Lisa’s Answer

Porcelain-enameled cast iron or porcelain-enameled steel are the best choices, though they can be pricey.  You could also have a tub frame built and use all tile on the interior.

Ziplock bags

Question from Stacy

I am using Ziplock freezer bags to keeps things dry in the car for my emergency supplies. Do I have to worry about offgassing in the car and with the high temperature? It it made of PE.

Lisa’s Answer

Food grade polyethylene is the safest plastic there is.

You could also try silicone bags like these https://www.stasherbag.com
There are many other things in a car interior that are more of a concern for off-gassing like foam cushioning, PVC, and leather.  Keep the windows down when possible and consider using some charcoal bags or a small air purifier in the car.
Read more here in Are All Plastics Toxic?

Cavities and Braces

Question from Miriam

My son needs two cavities filled.  The MSDS of the 3M filler our dentist uses has some unpleasant ingredients. What is the least toxic resin or non resin solutions for tooth fillers for a kid with allergies (including nickel allergy)? He also needs braces and I want to know the least toxic materials we can have placed.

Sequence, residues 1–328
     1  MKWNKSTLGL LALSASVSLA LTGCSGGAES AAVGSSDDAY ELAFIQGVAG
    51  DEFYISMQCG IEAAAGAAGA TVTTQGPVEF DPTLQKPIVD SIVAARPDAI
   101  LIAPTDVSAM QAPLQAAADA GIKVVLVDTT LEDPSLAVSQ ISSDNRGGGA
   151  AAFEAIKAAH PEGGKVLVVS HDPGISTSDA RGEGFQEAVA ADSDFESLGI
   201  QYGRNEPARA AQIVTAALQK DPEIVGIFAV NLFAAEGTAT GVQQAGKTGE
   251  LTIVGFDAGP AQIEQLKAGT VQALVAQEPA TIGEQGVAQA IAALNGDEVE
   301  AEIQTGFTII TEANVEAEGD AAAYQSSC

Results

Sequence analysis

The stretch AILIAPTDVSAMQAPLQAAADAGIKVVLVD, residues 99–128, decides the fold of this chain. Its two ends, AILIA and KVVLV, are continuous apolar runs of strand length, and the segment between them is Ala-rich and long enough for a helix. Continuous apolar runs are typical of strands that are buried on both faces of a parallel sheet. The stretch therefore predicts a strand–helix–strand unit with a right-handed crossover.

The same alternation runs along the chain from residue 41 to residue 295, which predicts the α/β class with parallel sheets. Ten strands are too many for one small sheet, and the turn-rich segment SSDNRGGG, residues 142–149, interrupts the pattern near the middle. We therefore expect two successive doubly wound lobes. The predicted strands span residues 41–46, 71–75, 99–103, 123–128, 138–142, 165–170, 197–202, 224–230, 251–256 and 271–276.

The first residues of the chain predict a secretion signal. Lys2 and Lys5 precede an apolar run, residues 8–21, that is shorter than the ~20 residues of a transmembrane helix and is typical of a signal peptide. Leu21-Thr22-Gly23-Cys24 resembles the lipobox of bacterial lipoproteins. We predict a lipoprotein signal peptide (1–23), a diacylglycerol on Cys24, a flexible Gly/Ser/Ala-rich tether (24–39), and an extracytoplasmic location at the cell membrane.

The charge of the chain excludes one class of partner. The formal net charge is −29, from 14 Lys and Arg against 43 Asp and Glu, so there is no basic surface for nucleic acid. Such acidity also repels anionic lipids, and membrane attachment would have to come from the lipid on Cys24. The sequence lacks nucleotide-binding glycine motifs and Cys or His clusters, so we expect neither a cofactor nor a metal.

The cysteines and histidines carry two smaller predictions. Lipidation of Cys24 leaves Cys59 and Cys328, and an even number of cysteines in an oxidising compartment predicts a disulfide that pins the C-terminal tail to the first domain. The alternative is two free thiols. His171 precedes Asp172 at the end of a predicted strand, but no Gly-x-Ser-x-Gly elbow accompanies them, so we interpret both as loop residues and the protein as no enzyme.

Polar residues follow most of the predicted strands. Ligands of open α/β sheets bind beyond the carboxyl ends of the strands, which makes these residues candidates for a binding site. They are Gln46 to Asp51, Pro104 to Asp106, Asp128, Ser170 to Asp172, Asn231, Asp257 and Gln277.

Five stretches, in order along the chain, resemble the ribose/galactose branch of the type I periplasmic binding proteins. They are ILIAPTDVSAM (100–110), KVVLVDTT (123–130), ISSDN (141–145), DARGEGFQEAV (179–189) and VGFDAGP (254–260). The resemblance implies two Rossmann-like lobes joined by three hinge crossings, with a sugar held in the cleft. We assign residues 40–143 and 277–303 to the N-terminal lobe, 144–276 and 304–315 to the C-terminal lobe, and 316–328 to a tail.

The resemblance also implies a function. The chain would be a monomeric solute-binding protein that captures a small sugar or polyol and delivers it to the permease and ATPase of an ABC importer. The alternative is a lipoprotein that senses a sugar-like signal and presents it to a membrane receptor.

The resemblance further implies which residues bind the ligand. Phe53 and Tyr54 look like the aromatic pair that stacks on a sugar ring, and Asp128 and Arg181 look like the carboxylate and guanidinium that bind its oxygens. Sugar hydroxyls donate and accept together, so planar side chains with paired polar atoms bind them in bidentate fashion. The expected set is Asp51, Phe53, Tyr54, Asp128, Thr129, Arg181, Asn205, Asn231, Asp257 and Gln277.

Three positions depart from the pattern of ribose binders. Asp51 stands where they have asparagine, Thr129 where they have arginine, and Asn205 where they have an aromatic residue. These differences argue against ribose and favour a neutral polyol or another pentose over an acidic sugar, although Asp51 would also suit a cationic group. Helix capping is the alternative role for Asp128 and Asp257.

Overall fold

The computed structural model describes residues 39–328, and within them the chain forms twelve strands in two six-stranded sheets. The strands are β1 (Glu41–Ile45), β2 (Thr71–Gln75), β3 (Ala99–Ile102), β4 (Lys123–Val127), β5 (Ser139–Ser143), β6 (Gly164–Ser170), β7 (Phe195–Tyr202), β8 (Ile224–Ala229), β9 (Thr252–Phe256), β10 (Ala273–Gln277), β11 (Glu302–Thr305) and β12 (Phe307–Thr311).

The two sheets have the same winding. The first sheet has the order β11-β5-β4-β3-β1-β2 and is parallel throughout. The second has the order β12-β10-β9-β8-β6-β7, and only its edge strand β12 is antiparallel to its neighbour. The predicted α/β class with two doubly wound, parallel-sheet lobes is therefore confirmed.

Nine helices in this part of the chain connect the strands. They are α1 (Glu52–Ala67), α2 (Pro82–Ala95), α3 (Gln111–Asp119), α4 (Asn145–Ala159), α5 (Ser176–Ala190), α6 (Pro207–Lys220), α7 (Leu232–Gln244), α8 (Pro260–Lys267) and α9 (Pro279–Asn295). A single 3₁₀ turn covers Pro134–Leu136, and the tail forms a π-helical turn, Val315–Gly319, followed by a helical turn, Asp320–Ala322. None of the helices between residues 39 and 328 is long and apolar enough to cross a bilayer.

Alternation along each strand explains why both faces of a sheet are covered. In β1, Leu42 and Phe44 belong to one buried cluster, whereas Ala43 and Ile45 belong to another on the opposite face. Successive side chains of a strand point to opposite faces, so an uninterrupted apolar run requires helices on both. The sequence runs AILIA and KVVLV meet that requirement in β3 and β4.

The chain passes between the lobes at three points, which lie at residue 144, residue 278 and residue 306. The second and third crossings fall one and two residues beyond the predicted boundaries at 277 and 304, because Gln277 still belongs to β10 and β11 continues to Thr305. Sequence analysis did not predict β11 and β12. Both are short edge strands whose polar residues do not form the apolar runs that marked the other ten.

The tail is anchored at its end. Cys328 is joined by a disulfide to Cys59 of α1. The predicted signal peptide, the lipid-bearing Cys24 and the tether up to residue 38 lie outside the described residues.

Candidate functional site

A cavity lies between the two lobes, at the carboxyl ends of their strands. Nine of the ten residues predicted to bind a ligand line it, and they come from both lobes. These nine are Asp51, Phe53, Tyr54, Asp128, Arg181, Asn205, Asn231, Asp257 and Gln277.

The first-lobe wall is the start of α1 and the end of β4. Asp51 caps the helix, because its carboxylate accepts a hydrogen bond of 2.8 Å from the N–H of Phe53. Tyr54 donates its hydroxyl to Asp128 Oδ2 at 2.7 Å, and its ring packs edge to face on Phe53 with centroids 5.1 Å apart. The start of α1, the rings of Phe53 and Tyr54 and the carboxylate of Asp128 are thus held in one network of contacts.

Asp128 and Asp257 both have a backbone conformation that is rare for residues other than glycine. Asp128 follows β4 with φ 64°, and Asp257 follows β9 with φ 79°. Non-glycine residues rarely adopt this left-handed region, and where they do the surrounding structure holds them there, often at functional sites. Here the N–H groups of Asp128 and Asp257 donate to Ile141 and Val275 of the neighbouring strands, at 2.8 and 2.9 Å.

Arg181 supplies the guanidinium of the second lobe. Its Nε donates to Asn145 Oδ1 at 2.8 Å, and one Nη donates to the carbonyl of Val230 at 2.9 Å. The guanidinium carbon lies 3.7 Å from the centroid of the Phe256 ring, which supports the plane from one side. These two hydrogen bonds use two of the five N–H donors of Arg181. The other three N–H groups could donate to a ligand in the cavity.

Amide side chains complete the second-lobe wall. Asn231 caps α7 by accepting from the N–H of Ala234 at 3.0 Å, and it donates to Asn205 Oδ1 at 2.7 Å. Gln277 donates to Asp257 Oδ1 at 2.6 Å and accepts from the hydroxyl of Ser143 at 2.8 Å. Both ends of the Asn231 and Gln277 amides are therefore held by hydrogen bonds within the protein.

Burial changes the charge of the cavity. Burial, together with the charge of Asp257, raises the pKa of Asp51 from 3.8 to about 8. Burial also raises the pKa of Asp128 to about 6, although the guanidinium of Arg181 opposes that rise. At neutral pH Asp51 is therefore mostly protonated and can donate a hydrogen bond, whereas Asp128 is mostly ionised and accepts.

Lisa’s Answer

The most comprehensive study I have seen that actually tests the composites is the following from PubMed.gov:
Table 4 shows a list of composites that do not contain bis-GMA ( the most commonly used BPA derivative).  Only 1 contained neither Bis-GMA nor TEGDMA.
You might ask your Dentist to help you identify some options and request a MSDS.  Look out for the following: BPA, bis-GMA, TEGDMA, or UDMA.  Just because it claims to be BPA-Free doesn’t mean there isn’t potential exposure to BPA as derivatives such as bis-GMA can convert to BPA in the mouth.

I can’t speak to allergies.  You would need to look at the individual MSDS to identify ingredients that your son is allergic to.

Is your son unable to wear metal braces due to his allergy?  If you are looking at plastic brackets, polypropylene would be a less toxic option.

Another thing to watch out for is that many bracket adhesives have slow -releasing fluoride in them.  Ask your orthodontist for an adhesive without fluoride.

Bike Trailer

Question from Debbie

I have a bike trailer which I’m guessing has flame retardants on it. Do these wear off over time? It is about 5 years old and I was wondering if I can safely use it for my new baby now?

Lisa’s Answer

It is impossible to tell without knowing what the product is and exactly what chemicals are used.  In general, flame retardants are designed to not wear off.  Other concerns are the use of PVC or water- proofing chemicals.

 

Is Stainless Steel Cookware Toxic? (Read This Before Throwing Away Your Pots and Pans.)